Sunday, April 21, 2013

'The Duke in Darkness' at the Tabard Theatre, 20th April 2013

What does 15 years trapped in a room do to a man?  In what ways will his mind warp to accommodate the shrinkage of his world?  How far would a person go to snatch their freedom back?  These weighty questions are what The Duke in Darkness explores.  Set in the sixteenth century, the entirety of the play takes place in one small room of acastle.  Imprisoned within are two men, the Duke of Laterraine (Michael Palmer) and his servant Gribaud (Jamie Treacher).  Their captors and guards, who flit cruelly in and out of the cell at will are the Duke of Lamorre (Martin Miller), D'Aublaye (Sean Pogmore), Voulain (Jake Mann) and Marteau (Matt Fraser Holland).

The Duke is desperately clinging onto both dignity and sanity, occupying his mind with escape plans which have taken so long to prepare that their actual execution seems academic.  He's been digging a secret hole in the wall with his fingernails, painstakingly creating a length of rope from old rags and, perhaps most impressively, he's been keeping up a perfect charade of blindness.  His cellmate, Gribaud has taken solace in another hope of freedom: insanity.  His personality and sense of self is in freefall, he shuffles between various outlandish personae, desperately trying to avoid facing cruel reality.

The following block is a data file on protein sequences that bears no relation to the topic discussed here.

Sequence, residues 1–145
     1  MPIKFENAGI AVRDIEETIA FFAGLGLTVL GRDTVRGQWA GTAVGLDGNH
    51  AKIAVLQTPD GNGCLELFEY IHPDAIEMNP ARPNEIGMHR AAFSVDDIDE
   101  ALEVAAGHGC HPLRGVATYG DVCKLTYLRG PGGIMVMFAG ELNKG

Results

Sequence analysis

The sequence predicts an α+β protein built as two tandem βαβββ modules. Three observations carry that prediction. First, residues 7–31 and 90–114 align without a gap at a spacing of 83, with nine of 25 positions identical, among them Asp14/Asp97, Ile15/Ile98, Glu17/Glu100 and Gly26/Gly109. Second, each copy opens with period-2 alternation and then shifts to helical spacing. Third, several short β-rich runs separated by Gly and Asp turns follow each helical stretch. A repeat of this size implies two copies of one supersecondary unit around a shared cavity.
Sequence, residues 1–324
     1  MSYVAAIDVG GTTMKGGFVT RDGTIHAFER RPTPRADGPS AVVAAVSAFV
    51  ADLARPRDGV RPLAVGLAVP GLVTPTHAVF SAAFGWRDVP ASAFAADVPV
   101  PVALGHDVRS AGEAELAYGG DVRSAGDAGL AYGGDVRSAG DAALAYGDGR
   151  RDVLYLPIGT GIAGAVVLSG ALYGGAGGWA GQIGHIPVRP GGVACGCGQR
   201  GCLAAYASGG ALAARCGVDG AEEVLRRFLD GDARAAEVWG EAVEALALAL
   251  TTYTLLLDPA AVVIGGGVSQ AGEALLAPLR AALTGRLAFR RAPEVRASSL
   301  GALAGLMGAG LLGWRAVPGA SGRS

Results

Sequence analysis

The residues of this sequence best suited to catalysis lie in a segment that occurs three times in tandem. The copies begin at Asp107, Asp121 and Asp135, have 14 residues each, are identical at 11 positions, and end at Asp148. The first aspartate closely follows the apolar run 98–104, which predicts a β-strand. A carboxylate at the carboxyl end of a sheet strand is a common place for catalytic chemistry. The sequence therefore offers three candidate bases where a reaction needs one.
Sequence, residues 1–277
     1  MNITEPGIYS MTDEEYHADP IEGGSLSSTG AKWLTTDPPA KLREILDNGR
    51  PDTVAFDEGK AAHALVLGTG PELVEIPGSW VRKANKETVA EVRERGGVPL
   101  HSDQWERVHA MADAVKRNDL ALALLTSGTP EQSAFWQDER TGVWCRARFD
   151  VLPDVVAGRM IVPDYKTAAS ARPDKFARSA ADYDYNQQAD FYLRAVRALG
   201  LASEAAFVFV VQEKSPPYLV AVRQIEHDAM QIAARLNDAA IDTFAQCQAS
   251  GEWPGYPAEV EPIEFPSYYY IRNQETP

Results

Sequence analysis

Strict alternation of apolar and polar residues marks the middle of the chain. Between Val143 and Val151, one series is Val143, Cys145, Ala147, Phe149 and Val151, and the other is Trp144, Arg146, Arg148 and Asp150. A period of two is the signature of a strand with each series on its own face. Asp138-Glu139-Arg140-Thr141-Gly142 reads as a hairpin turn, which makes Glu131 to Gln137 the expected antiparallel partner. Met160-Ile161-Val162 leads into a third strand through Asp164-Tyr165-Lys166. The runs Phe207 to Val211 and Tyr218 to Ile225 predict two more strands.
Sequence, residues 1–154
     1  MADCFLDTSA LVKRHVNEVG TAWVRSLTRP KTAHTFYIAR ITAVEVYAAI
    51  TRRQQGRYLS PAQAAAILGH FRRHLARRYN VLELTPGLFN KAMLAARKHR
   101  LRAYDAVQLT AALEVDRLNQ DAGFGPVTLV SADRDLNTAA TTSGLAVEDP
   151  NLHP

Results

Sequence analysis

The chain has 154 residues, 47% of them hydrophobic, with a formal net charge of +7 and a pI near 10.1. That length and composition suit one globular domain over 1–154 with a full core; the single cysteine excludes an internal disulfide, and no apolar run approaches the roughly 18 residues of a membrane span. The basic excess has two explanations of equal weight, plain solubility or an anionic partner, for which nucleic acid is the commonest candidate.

Gribaud (Jamie Treacher) and Laterraine (Michael Palmer)
The set is impressively intricate, the single location allowing designer Max Dorey to go to town on tiny details, creating a world all-too-depressingly lived in.  A sadistic touch is that the cell walls are for the most part blasted wide open, slats of broken wood exposing splintered holes.  You'd think a play so concerned with the effects of imprisonment would concentrate on creating as claustrophobic a set as possible, but you realise that these dilapidated surroundings reflect the men trapped within rather than any objective reality. Furthering these themes of mental and physical decay are the outstanding costumes.  Both characters still wear the tattered remains of what once must have been fine outfits.  Appropriately, Gribaud's costume is in a far more ruinous state than the Duke's - yet another way in which the character's internal troubles are externalised.  

The tone of the play ranges from a very arch, slightly ironic comedy to genuine pathos.  Gribaud's insanity is the source of much hilarity, but he himself is rarely portrayed as a direct figure of fun.  He's too pitiful a figure to be laughed at, so much humour is derived from the reactions he inspires in others, particularly in the hapless prison guard Marteau.   Jamie Treacher does a hell of a good job walking this tightrope between comedy and tragedy,  his wide-open, staring eyes conveying a deep-seated madness.